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Denver Brownies

These are sooooo good. I think these may rank as one of my favorite of Maida's numerous brownie recipes (my favorites are the Palm Beach Brownies and the Santa Fe Brownies ). Maida Heatter says she got the recipe at a television station in Denver and was told that Julia Child had raved about them. I can see why.  3/4 cup all-purpose flour 1/4 tsp. baking powder 1/4 tsp. salt 1/3 cup honey 2 tbsp. water or coffee 4 oz. (1 stick) unsalted butter, in pieces at room temperature 6 oz. semi-sweet chocolate, finely chopped 1 tsp. vanilla extract 2 eggs 1 1/2 cups (6 oz.) walnuts or pecans, cut into medium-sized pieces 2 tbsp. bourbon, brandy, or rum Preheat oven to 325. Line a 9-inch square pan with foil. Butter the foil and set aside. (Note: It is helpful to cut the foil large enough so that it drapes over the sides of the pan. This will make it easier to remove from the pan). Sift together the flour, baking powder, and salt. Set aside. Place the honey, water or coffee, butter and choco

Smoke Tree 'Golden Spirit'



Before moving to Washington, I used to frequent a forum where would-be transplants could post questions about living in the Vancouver area (housing, neighborhoods, schools or whatever was on their mind). I remember a post where the topic was the local flora. Of course, there was the usual appreciation of the beauty of the area and the wide range of plants. Then suddenly, a man who had just moved here interjected a rant about how he hated a certain tree that he saw planted everywhere in the city. It was the ugliest thing he had ever seen! After describing it, someone identified the offender as Smoke Tree (Cotinus coggygria). It was humorous to hear his opinions and it shows how people have differing views on plants.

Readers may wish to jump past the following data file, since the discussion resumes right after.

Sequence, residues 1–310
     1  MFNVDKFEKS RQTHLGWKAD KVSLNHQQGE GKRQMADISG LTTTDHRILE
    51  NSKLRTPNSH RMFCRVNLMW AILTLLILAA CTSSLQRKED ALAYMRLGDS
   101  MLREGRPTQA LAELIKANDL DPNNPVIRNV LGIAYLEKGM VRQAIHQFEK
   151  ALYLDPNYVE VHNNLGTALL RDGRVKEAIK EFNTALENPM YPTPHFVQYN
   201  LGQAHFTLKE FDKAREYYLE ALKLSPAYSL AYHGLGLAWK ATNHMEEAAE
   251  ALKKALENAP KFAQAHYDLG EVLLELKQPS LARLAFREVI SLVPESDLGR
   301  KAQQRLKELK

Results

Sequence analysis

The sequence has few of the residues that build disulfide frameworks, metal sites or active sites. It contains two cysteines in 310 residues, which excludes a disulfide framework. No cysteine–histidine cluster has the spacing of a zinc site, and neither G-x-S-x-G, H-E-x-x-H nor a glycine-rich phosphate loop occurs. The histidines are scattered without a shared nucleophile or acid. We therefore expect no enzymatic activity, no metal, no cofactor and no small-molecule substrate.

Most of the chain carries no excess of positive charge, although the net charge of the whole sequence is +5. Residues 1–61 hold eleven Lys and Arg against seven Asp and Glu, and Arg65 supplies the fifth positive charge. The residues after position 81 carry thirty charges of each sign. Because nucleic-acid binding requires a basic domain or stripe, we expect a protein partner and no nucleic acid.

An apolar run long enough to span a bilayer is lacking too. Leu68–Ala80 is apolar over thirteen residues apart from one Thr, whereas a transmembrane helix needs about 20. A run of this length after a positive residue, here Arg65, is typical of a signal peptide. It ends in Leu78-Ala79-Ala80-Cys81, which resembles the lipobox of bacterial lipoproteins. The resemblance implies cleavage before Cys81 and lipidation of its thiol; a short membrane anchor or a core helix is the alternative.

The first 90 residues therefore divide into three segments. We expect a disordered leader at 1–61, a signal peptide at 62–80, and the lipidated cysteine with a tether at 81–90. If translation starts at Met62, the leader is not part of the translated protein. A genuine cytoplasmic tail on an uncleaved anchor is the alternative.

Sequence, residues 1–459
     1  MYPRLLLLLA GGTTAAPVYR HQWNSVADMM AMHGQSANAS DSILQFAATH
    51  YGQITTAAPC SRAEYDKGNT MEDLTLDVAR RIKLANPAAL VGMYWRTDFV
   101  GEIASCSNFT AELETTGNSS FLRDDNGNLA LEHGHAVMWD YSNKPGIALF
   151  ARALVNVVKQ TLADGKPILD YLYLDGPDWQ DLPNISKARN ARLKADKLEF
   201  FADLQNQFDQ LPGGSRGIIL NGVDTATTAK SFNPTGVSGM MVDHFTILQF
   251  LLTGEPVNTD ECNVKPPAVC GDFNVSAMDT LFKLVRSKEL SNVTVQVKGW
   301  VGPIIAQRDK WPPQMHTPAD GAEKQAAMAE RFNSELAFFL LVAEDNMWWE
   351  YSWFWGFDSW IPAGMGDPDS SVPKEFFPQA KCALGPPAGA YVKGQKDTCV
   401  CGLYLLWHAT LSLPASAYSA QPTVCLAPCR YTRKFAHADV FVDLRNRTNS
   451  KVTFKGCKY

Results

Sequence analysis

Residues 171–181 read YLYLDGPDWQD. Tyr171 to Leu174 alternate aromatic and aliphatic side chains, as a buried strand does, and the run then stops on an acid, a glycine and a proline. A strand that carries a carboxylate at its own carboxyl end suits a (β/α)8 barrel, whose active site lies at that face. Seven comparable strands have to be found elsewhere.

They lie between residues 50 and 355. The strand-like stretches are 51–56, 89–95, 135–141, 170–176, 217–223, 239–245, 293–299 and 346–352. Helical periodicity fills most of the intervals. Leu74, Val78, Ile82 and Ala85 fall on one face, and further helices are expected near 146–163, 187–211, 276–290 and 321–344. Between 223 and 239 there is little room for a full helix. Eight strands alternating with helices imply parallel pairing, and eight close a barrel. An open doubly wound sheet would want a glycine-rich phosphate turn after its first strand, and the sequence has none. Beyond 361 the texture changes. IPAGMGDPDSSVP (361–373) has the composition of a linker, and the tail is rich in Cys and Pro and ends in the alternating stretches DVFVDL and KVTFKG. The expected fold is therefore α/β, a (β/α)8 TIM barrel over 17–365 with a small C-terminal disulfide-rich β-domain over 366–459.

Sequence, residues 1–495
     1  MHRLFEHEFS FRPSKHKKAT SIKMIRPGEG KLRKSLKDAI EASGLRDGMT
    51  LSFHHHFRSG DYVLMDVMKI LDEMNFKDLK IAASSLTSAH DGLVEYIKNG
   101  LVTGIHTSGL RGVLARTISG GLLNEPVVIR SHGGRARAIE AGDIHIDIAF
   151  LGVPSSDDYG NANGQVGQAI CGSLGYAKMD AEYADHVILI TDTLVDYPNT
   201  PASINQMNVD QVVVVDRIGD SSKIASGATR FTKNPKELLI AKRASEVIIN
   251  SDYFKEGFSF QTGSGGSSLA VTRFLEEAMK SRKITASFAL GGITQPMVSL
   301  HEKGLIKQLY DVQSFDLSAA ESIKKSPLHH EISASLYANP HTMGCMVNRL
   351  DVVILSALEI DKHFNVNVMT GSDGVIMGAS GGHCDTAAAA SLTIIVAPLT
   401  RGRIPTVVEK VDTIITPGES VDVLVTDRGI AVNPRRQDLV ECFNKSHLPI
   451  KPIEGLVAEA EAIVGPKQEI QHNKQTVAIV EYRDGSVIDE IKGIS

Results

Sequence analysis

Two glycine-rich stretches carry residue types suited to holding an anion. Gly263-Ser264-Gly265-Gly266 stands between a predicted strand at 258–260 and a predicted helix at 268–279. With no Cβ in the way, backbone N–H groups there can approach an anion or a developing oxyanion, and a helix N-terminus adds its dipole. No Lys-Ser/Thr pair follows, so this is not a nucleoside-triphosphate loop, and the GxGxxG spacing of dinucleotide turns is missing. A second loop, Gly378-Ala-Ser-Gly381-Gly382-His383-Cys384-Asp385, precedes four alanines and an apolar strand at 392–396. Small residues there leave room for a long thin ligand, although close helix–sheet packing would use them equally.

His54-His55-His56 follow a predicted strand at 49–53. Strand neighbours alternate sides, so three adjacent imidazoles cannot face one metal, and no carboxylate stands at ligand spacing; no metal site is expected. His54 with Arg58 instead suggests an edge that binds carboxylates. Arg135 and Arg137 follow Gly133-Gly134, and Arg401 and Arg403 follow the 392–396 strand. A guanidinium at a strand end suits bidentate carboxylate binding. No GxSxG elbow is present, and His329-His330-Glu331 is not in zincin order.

Personally, I don't find the Smoke Tree unattractive at all although when grown poorly, it can look ragged.  The guy from the post was referring to the Purple Smoketree (sometimes called Smoke Bush as it can be grown as a small tree or large shrub). There are many varieties of it and we grow 'Purple Purple' which is very common. A more recent introduction called 'Grace' is very popular with more orange-tinted foliage and it is indeed very attractive.

The gold-leaved varieties are somewhat different in look and form and perhaps the forum poster would like it better.  I find 'Golden Spirit' to be a stunning plant and it was so beautiful this year. In the late evening in certain light conditions, it just glows. It isn't advertised as being as large as the purple varieties (most sources quote 8') although I have seen one in a neighborhood nearby where it is at least 12 feet tall. The blooms on 'Golden Spirit' are also not as prominent, if it blooms at all.

Smoke Tree grows extremely fast once it gets established. It is easy to train into tree-form by limbing up the branches by removing lower growth. Pruning in spring  is said to curtail the puffy smoke-like blooms that appear later in summer but even if you didn't have the flowers, the foliage is still a major attraction. It looks good as either a specimen tree or mixed in border with other plants.


Text and photos by Phillip Oliver, Dirt Therapy

Comments

  1. I've always admired the plant and in fact planted 'Royal Purple' a few years ago. I fell in love with 'Grace' when I first saw it in the DC area but, based on the few occasions I've seen it in my own area, it doesn't hold up as well in SoCal as the varieties with dark foliage. I've never had anything in the way of flowers, probably because I cut it back hard each year.

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  2. I love ALL the Smoke trees - their rounded leaves, and the little red, scalloped edge that develops on Royal Purple in hot summers. I had a large (up to our eaves) Golden Spirit in my garden for a long time, but after an unusual stretch of several 100F+ days, it contracted some kind of disease, and started gradually dying back. We were gone that week, and the tree was half crispy when we returned. I was so sad... Left it to see if it would re-sprout the following spring. It did, but the leaves soon curled up again, upon emerging. It never returned to normal, so I took it out. I still miss it!

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  3. It boggles my mind that anyone can hate such a lovely plant. Or any plant, really.
    A purple smoke tree volunteer occasionally shows up in my garden. One year I decided to tend to it and train it on a single trunk. It is now taller than me and will be pruned for the fist time next spring. I love the leaf color and the contrast with Japanese forest grass growing at it's base.
    Chavli

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